Why I Wake Up Early

Several years ago, a dear friend gave me this Mary Oliver poem.

 

Why I Wake Early

~ Mary Oliver ~

Hello, sun in my face.

Hello, you who made the morning

and spread it over the fields

and into the faces of the tulips

and the nodding morning glories,

and into the windows of, even, the

miserable and the crotchety –

best preacher that ever was,

dear star, that just happens

to be where you are in the universe

to keep us from ever-darkness,

to ease us with warm touching,

to hold us in the great hands of light –

good morning, good morning, good morning.

Watch, now, how I start the day

in happiness, in kindness.

The poem lives on the bookshelf next to my bed.

I read it often, and when I do, I breathe in deep gratitude for my friend who gave me the poem.

I feel grateful for my wonderful husband whose head still imprints the pillow he leaves at 5:30 most mornings.

I feel gratitude for the health of my beautiful children and the gift of my eyes to see them.

I know I’m blessed to have these fingers to touch the tips of their noses and hold the pencil that scrawls these words across the page.

I’m grateful for the tall trees swaying outside my window and the sun streaming through to warm my pillow.

And this morning, like so many others I feel an overwhelming sense of gratitude for my greatest reasons to wake early… and then stay right in bed!

dog-1024x764

Do you wake early? What fills you with gratitude?

Connections

booksAndie stood at the library counter checking out a huge pile of books.

“You sure read a lot,” said Miss M, the children’s librarian. Her delicate, spotted hands waved each book under the computer scanner recording their withdrawal. “And you’re growing so tall.”

Andie smiled. I couldn’t resist.

“You should have seen how she started out.”

Miss M looked up, but said nothing.

“When this girl was born,” I put my arm around Andie’s shoulder. “She weighed just over a pound and a half.”

Miss M looked down at the pile of books. She said something I didn’t hear.

“Pardon me?” I asked.

“Me, too,” she said, then looked at me through her wire-rimmed glasses.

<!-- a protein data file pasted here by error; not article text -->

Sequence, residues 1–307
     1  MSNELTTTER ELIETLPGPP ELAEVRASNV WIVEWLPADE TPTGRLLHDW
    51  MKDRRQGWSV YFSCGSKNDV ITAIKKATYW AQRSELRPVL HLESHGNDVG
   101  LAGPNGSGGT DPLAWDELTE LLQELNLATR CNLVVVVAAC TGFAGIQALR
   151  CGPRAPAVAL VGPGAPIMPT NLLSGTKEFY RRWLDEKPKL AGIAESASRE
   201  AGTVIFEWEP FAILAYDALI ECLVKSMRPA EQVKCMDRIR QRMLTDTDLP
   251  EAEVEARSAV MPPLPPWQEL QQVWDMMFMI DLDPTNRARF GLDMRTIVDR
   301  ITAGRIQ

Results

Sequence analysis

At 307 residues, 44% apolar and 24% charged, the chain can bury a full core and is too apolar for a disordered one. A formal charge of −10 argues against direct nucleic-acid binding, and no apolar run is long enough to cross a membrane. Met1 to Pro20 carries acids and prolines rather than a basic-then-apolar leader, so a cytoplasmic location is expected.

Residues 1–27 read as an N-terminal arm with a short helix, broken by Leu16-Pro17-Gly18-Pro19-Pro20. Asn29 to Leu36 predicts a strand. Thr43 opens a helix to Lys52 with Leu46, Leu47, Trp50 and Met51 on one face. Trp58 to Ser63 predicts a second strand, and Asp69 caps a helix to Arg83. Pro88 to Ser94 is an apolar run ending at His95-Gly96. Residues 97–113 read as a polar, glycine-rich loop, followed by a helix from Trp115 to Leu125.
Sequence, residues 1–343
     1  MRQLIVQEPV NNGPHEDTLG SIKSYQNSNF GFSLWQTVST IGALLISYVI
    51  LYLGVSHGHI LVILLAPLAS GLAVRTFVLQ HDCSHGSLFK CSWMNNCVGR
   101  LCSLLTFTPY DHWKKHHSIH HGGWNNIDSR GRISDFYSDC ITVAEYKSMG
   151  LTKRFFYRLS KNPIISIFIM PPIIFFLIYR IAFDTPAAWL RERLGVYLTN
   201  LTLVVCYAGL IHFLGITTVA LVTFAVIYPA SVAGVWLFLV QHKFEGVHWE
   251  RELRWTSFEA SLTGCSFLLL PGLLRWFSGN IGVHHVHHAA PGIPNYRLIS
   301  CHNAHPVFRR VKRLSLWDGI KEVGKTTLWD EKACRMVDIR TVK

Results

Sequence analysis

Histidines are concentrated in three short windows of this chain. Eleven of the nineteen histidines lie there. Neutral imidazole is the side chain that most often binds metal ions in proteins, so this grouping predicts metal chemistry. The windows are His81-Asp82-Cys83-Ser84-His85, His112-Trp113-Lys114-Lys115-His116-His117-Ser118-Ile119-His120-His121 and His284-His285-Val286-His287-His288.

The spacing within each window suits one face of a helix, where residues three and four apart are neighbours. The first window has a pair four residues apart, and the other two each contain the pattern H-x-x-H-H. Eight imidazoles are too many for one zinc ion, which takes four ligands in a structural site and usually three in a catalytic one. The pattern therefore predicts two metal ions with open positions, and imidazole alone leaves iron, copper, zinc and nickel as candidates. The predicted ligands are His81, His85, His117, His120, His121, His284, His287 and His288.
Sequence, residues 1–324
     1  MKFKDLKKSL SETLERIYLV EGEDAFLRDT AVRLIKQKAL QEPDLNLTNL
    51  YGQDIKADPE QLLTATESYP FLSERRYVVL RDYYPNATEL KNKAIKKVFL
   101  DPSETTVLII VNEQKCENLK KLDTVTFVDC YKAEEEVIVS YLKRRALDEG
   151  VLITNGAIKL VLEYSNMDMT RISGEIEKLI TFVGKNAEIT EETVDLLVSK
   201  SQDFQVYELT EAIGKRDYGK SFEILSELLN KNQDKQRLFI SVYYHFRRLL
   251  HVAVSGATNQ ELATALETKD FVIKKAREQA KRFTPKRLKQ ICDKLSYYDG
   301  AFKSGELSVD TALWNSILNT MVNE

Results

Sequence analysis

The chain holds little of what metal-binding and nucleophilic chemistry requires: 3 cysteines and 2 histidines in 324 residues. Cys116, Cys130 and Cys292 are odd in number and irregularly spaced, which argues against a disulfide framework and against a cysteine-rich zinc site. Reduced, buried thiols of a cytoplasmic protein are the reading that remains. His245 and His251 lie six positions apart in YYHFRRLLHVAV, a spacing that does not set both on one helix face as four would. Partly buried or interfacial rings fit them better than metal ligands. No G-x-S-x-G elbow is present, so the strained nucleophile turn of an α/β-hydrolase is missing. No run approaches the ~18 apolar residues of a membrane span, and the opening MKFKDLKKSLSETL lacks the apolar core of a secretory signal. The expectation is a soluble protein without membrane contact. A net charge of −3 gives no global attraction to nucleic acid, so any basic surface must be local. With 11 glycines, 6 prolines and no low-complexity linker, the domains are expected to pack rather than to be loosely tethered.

“You, too?” I asked, thinking she must have misunderstood.

“Yes, me too.”

“No, I said she was born at a pound and a half.”

“Yes,” she said quietly. “So was I.”

She went back to scanning the books, and I tried to think of a polite way to ask how the hell was she alive if she’d been born that little so long ago.

“To what, um, do you attribute your survival?” My cheeks burned.

“Well, my mother always said it was because they put the two of us in together,” she slid the pile of books across the counter and got a faraway look in her eyes. “Yes, there just happened to be another baby born, just my size, at the same time.”

I placed my hands on top of the pile of books.

“Did the other baby survive?” I asked.

“I believe so,” she said.

Questions swirled in my head, but another patron had stepped to the desk and a nod from Miss M told me our conversation was over.

Driving home I imagined the rest of the story. A phone call from across the country – Were you born prematurely in such and such hospital on such and such date? Arrangements would be made…

But it seems that story will have to live in my imagination, for on every visit back to the library since, Miss M never made mention of it again.

This photo, taken in 1995, hangs on the bulletin board in my office. It’s titled The Rescuing Hug, but I’ve come to call it, Miss M and Her Long Lost Companion.

2babies

What would you call this photo?

Clean Focus

Clean-FocusI’m at the Laundromat.  Our dryer broke.  I’m happy.  Not that our dryer broke, but being here at the Laundromat.

(Yup, even though my book is getting published – there’s still laundry to do!)